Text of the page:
Didn't set out to create a series but found myself pulled in by the way painting one thing—clotheslines, in this case—offered up a focal point that opened doors to discoveries other than the clotheslines themselves—in the case of this series, the particular setting of each clothesline.
I photographed the clothesline represented in Tryin' to Dry in Time because of the shadows cast by the items on the line and the lack of anything particularly challenging in the background. The scene offered up a good way to get my feet wet, and I (re)discovered how important it is to paint what I see in front of me vs. what I see in my mind's eye.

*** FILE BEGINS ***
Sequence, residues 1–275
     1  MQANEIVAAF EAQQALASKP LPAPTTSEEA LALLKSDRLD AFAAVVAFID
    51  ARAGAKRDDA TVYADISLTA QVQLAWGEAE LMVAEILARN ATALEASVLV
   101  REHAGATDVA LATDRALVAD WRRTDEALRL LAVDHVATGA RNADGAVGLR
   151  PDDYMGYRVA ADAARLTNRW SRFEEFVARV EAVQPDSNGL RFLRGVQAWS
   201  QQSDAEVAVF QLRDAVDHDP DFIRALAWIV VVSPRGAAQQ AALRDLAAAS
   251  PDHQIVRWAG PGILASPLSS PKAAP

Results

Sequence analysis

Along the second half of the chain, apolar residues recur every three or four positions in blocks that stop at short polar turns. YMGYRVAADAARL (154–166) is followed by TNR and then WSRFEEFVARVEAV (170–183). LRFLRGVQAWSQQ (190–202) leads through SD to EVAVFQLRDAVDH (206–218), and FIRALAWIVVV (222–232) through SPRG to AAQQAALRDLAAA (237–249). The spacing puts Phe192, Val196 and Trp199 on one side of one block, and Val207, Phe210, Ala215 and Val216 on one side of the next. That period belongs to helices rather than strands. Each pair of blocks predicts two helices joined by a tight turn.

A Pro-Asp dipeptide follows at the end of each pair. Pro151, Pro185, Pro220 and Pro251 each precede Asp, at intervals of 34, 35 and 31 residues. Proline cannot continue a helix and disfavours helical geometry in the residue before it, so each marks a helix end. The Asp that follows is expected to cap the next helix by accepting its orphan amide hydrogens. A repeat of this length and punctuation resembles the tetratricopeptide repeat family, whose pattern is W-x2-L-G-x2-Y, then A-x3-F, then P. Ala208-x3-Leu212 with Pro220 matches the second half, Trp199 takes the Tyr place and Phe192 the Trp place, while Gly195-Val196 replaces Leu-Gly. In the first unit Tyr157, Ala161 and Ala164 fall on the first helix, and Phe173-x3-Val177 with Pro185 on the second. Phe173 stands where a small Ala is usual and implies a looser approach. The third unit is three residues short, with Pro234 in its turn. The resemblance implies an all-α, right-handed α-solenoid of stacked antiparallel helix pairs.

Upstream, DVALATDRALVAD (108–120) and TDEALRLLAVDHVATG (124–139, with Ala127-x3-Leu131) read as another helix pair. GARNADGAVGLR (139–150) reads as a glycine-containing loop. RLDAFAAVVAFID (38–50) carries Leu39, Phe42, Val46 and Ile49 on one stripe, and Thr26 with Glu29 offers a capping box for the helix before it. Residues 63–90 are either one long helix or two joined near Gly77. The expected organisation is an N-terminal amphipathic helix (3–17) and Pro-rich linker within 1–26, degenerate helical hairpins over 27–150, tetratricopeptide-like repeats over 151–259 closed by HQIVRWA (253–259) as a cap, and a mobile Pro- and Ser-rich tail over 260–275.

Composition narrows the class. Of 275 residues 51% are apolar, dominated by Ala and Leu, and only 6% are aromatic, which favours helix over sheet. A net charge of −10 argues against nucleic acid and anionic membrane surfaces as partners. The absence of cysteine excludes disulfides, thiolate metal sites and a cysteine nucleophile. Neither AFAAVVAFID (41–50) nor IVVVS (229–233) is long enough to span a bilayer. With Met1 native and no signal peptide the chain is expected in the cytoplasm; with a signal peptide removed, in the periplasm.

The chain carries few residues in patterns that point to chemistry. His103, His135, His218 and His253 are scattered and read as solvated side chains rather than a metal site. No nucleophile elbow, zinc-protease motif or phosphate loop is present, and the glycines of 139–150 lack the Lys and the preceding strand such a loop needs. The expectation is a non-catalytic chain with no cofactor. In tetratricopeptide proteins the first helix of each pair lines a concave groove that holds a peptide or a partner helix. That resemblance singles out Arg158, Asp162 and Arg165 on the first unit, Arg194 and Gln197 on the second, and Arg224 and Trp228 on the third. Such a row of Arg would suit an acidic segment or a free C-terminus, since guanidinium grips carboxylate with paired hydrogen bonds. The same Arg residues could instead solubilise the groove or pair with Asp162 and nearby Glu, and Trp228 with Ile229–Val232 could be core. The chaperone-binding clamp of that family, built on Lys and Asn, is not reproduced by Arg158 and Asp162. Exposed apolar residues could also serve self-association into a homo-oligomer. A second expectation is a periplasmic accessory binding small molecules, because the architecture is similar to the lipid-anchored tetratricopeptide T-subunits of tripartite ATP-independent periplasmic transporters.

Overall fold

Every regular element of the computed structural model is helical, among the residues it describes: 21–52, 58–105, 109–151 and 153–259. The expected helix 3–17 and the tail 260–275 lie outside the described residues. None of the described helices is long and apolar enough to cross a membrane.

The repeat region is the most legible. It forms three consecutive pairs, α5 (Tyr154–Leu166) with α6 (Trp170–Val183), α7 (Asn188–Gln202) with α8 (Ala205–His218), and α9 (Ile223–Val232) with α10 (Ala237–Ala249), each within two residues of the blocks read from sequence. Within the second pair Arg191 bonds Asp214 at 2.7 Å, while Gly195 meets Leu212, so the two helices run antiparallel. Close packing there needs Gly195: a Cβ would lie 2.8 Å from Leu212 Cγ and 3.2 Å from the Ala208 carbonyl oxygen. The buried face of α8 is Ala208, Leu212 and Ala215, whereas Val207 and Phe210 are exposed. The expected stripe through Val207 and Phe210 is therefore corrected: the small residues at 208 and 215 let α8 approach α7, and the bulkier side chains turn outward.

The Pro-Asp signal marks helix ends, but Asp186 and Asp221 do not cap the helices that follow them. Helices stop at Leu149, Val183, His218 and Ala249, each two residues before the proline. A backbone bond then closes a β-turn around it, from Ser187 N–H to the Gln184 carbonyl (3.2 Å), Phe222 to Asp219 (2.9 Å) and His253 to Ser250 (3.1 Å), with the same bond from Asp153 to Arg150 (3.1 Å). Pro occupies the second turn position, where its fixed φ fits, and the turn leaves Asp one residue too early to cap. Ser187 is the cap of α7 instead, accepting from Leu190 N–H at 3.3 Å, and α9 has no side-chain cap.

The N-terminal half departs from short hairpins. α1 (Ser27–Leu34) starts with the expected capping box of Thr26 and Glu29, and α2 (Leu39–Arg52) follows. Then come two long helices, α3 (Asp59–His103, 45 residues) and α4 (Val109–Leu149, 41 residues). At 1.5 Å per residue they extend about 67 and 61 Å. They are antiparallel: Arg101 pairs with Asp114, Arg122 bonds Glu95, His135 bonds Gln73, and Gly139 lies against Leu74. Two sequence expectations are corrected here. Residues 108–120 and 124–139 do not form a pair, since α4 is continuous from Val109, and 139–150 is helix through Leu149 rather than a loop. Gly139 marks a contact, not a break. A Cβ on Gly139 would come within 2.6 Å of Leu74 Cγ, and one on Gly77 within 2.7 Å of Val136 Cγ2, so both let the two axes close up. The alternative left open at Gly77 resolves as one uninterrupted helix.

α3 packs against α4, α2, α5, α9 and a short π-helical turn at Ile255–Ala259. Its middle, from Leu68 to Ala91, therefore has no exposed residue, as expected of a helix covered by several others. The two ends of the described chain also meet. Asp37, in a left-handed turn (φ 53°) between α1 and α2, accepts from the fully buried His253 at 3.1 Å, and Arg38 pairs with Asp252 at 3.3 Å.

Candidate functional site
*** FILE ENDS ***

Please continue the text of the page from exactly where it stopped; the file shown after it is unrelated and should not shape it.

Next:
Dappled Drying also had distinct shadows cast by the hanging items but had a challenging backdrop. The huge gift was discovering how to represent some of the iconic elements of Takodah cabins, including the way light and shadow are so intrinsically a part of what makes the simple cabins visually interesting.
With the above paintings under my belt, I moved on to Hanging Out at Cabin C. The scene had no distinctive shadows cast by the drying textiles but by now I recognized the great light and shadows it did have. The ironic discovery of this painting is that it captures Cabin C far more robustly than my previous "portrait" of the cabin. Go figure!
|Hanging Out at Cabin C|
6x6", acrylic on gessobord
[not for sale]